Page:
In recent years COTW has been featuring groups of composers: next week's devotion to Light Music composers being an instance. How about this for an idea: paired composers, mutual contemporaries, so-to-speak, who in some way complement each other in their differences? I'm not just thinking, folr example, Debussy/Ravel, two composers who have been much featured, but, say, Hindemith/Stravinsky; Britten/Tippett; Goehr/Birtwistle? A week could, for example, be devoted to examining differences between the ways in which Stravinsky and Hindemith sourced or recycled baroque compositional procedures in the 1920s. Given the emphasis these days on biographical detail, welcome in its own way but increasingly it seems at the expense of talking about idiom, form and stylistic evolution in a particular composer, this might present difficulties, but the two approaches could I think be married and lend aded depth to the subjects.
Straying even further off-topic, ahem, restating a particular bugbear of mine, there are, as Suffolkcoastal briefly remarks, LOADS of composers who never, ever make it to COTW. Now that we are reexamining relatively neglected personalities from the past - besides Svendsen, Zemlinsky comes to mind - surely the BBC is still in a position to obtain rare recordings from abroad to illustrate these forgotten names and bring them back to life? Who ever hears music these days by that small, fasccinating group of french composers who eschewed the serial route post WW2 and followed broadly within the Honnegger spirit - Andre Jolivet, Marcel Landowsky, Jean-Luis Martinet, Maurice Le Roux? And, if we're talking about British music, when do we ever get to hear the music of Peter Racine Fricker or Iain Hamilton - much more substantial figures imv than their contemporary Malcolm Arnold? Hearing these composers' music might give us a much broader perspective on "modernism" than the now much-maligned term "serialism" implies.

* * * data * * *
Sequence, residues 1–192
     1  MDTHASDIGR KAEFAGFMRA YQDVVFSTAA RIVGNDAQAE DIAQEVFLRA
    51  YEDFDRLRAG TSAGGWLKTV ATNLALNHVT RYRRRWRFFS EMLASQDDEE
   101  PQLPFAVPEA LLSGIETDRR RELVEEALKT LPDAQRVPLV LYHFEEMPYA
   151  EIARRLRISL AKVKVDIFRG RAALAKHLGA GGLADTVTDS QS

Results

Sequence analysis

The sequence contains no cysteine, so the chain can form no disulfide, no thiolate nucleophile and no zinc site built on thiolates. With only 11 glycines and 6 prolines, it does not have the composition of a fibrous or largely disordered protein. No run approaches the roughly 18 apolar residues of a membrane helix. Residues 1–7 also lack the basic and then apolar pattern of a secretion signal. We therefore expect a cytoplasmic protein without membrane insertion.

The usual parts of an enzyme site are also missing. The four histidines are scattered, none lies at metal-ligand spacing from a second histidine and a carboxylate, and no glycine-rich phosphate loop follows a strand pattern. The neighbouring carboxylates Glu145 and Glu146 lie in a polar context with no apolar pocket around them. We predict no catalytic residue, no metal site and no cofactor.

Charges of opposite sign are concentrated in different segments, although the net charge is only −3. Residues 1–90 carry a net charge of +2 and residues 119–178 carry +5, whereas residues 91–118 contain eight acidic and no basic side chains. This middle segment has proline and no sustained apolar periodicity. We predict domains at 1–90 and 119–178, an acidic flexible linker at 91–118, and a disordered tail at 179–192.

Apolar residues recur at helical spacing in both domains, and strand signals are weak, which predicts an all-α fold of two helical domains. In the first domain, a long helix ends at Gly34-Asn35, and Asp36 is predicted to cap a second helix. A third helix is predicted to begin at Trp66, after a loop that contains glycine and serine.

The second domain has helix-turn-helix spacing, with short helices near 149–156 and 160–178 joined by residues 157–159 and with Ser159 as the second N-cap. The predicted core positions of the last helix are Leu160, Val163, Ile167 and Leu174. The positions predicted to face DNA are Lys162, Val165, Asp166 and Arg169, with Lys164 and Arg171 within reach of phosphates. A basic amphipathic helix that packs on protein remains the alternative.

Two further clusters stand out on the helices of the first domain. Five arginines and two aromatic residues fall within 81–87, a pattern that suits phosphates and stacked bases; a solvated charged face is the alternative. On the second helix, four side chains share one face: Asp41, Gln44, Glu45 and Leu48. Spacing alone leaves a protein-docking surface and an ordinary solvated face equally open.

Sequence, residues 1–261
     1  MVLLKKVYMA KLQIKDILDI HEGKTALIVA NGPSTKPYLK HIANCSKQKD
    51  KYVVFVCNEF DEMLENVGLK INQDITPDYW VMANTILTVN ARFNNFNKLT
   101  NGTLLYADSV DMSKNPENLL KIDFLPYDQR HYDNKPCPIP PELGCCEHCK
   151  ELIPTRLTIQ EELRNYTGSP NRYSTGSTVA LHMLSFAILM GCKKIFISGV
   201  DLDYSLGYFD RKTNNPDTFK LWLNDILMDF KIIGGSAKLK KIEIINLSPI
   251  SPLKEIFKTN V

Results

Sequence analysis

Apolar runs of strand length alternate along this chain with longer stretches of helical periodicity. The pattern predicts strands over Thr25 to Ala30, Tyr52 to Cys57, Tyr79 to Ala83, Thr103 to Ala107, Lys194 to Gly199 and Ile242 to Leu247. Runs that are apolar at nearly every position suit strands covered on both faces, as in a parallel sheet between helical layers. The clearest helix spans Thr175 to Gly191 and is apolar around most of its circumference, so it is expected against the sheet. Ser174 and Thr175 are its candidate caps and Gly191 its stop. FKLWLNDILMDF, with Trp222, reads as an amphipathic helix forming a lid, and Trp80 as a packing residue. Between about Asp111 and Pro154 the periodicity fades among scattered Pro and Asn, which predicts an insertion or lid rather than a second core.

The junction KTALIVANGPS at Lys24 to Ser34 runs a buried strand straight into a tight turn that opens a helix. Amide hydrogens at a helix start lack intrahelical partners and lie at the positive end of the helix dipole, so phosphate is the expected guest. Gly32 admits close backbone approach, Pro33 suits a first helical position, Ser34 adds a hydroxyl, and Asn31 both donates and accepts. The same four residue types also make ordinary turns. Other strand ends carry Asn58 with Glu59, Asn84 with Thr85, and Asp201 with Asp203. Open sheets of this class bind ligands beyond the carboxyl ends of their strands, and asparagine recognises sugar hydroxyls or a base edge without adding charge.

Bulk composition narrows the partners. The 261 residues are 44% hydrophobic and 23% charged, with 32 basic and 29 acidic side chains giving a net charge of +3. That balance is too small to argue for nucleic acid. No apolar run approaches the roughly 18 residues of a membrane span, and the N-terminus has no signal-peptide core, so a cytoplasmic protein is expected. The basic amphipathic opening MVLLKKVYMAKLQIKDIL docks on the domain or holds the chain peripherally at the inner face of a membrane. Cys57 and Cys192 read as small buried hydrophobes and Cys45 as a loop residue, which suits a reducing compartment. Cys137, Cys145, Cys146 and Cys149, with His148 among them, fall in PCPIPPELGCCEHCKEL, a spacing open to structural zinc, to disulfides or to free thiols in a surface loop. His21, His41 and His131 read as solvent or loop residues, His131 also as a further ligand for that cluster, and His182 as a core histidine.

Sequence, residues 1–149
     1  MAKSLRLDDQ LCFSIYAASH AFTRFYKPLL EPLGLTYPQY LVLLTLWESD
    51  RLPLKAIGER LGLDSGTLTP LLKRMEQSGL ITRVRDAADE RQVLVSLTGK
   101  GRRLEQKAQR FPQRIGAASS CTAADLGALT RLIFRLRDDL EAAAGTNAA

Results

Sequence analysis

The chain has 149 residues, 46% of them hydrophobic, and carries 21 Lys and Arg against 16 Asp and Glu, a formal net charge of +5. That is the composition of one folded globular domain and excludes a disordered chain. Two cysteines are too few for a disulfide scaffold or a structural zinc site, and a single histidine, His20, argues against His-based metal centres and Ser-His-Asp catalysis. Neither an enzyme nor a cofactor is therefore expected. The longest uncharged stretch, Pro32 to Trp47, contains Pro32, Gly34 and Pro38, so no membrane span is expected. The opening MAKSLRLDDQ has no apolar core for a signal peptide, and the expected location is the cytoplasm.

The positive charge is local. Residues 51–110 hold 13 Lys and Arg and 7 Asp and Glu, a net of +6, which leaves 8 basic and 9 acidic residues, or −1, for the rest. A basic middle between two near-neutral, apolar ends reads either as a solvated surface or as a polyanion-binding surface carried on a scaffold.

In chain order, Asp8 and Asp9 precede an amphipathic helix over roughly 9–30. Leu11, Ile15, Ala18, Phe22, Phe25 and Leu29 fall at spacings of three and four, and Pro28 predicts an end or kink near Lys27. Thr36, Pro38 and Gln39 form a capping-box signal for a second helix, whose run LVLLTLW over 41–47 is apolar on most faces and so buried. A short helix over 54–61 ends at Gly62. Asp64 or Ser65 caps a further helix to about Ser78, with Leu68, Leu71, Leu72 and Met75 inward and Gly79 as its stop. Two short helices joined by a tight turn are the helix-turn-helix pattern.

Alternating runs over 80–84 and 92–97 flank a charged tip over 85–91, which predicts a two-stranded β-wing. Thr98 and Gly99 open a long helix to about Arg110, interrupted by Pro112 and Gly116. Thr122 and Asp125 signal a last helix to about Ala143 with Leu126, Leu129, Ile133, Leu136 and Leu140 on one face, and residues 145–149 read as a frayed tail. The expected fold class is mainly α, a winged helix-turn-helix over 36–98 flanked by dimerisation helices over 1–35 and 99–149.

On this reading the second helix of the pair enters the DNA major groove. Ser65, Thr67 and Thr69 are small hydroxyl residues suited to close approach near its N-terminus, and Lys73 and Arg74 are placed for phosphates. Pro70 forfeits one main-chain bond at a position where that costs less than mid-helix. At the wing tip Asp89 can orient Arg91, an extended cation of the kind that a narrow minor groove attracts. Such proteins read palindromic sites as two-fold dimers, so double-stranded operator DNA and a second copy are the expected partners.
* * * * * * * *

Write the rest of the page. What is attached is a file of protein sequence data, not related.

S-A, I can vaguely remember in the 1980's and early 90's that there were some interesting combined COTW's. As you mention Honegger he's another of many composers (who are always ones I seemingly admire) who have taken a nose-dive under the RW regime. Fricker and Hamilton, yes impressed (especially the former) with what I've heard and the little I have in my collection, mind you Arnold, whose music I do admire, is largely only represented by a handful of short 'popular' works these days.
Another possibility for variations on the CotW theme is to have composers who, for at least part of their lives, are involved in a particular cultural movement, for instance a Sturm und Drang CotW where various composers who had produced works in that style would be featured.
A fantastic idea, aeolium. I immediately thought of parallels and relationships between the Blaue Reiter Expressionist painters and the Second Viennese School. Stuck too much as my thinking is in the 20th century it hadn't occurred to consider how wide a historical reach a brief of that kind could embrace.
Originally Posted by aeolium